alexa Perceived Health Effects of Dental Amalgam among Dentists in Selected South Western State of Nigeria | OMICS International
ISSN: 2332-0702
Journal of Oral Hygiene & Health
Make the best use of Scientific Research and information from our 700+ peer reviewed, Open Access Journals that operates with the help of 50,000+ Editorial Board Members and esteemed reviewers and 1000+ Scientific associations in Medical, Clinical, Pharmaceutical, Engineering, Technology and Management Fields.
Meet Inspiring Speakers and Experts at our 3000+ Global Conferenceseries Events with over 600+ Conferences, 1200+ Symposiums and 1200+ Workshops on
Medical, Pharma, Engineering, Science, Technology and Business

Perceived Health Effects of Dental Amalgam among Dentists in Selected South Western State of Nigeria

Deborah Mojirade Ajayi, Michael Olanrewaju Iwaola and Iyabode Funmilayo Abiodun-Solanke*

Department of Restorative Dentistry, University of Ibadan, Ibadan, Oyo, Nigeria

*Corresponding Author:
Iyabode Funmilayo Abiodun-Solanke
Department of Restorative Dentistry
University of Ibadan, Ibadan
Oyo, Nigeria
Tel: +234 22 8103168
E-mail: [email protected]

Received Date: January 21,2015; Accepted Date: March 25,2015; Published Date: April 03,2015

Citation: Ajayi DM, Iwaola MO, Abiodun-Solanke IF (2015) Perceived Health Effects of Dental Amalgam among Dentists in Selected South Western State of Nigeria. J Oral Hyg Health 3:1000175. doi:10.4172/2332-0702.1000175

Copyright: ©2015 Ajayi, et al. This is an open-access article distributed under the terms of the Creative Commons Attribution License, which permits unrestricted use, distribution, and reproduction in any medium, provided the original author and source are credited.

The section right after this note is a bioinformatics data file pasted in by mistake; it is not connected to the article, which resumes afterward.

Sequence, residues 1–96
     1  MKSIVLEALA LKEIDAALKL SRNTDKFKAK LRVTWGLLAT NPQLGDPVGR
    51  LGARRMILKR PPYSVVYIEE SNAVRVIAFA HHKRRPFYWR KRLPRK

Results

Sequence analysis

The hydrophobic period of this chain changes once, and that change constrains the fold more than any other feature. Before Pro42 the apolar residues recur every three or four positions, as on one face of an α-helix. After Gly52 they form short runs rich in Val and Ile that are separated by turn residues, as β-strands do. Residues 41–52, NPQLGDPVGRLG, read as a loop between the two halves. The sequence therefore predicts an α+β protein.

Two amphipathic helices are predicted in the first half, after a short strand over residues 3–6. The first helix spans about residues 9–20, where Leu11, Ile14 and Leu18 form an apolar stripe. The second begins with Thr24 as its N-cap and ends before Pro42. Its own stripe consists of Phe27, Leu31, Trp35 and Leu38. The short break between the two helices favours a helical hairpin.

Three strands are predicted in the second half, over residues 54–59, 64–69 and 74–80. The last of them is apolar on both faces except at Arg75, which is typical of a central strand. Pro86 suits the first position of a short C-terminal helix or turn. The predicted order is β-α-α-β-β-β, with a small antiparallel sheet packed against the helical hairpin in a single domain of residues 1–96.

Visit for more related articles at Journal of Oral Hygiene & Health

Abstract

Objective: To investigate the level of use of amalgam and perceived health effects of the material among selected dentists from southwestern state in Nigeria.

Material & Methods: A descriptive study involving all consenting registered practicing dentists in both public and private health institution in 3 out of 6 southwestern states. Using a structured questionnaire, the information obtained included the socio-demographic characteristics of the respondents, frequency of use of amalgam, dentist’s knowledge of the signs and symptoms of amalgam toxicity and perceived health effects of amalgam. The questions on amalgam toxicity were made up of 16 responses, with the score of one (1) given to a correctly answered question while zero was given to wrongly answered

Results: The availability of amalgam was the most frequently (50.4%) mentioned reason for using the material, followed by the financial capability of the patient (24.4%) and the frequency of use was still much higher in tertiary hospitals. Majority (82.3%) agreed to the safety of amalgam, while 17(12.5%) perceived that amalgam was not safe out of which only two (11.8%) agreed to an outright ban of the material. Majority (88.9%) were aware of the controversy concerning the use of amalgam with undergraduate education being the commonest source of awareness as seen in 63.5%, followed by information from journals /textbooks (52.6%), colleagues (18.5%) , continuing dental education 17.8% and conferences 12.6% indicating more than one source of information in some people

Conclusion: Dental amalgam is still perceived to be a safe restorative material in Nigeria.

Keywords

Health effects; Amalgam; Dentists; Mercury

Introduction

Dental amalgam is an integral part of a dental practice with its use dated back to nearly 200 years. It was reported that over 50% of all dental restorations placed in upstate New York consisted of amalgam [1]. In the developing countries, with limited resources, dental amalgam was the most commonly used material [2]. Despite the long history and popularity of amalgam among dentists, there have been periodic concerns about adverse health effects arising from the exposure to minute level of mercury released from amalgam. Federation Dentaire International [3] noted that amalgam may have local adverse effects such as amalgam tattoos, erythematous lesions and oral lichenoid reactions in a minority of patients. Health effects of amalgam have further been suggested to be systemic though scientific investigations [4-8] have tended to provide refutation or evidence of a lack of correlation between mercury in amalgam and several of these diseases. However, a review published in 2005 by Freiburg University Institute for Environmental Medicine [9] found that mercury in amalgam may lead to nephrotoxicity, neurobehavioral changes, autoimmunity, oxidative stress, autism, Alzheimer’s disease, skin and mucosa ulceration.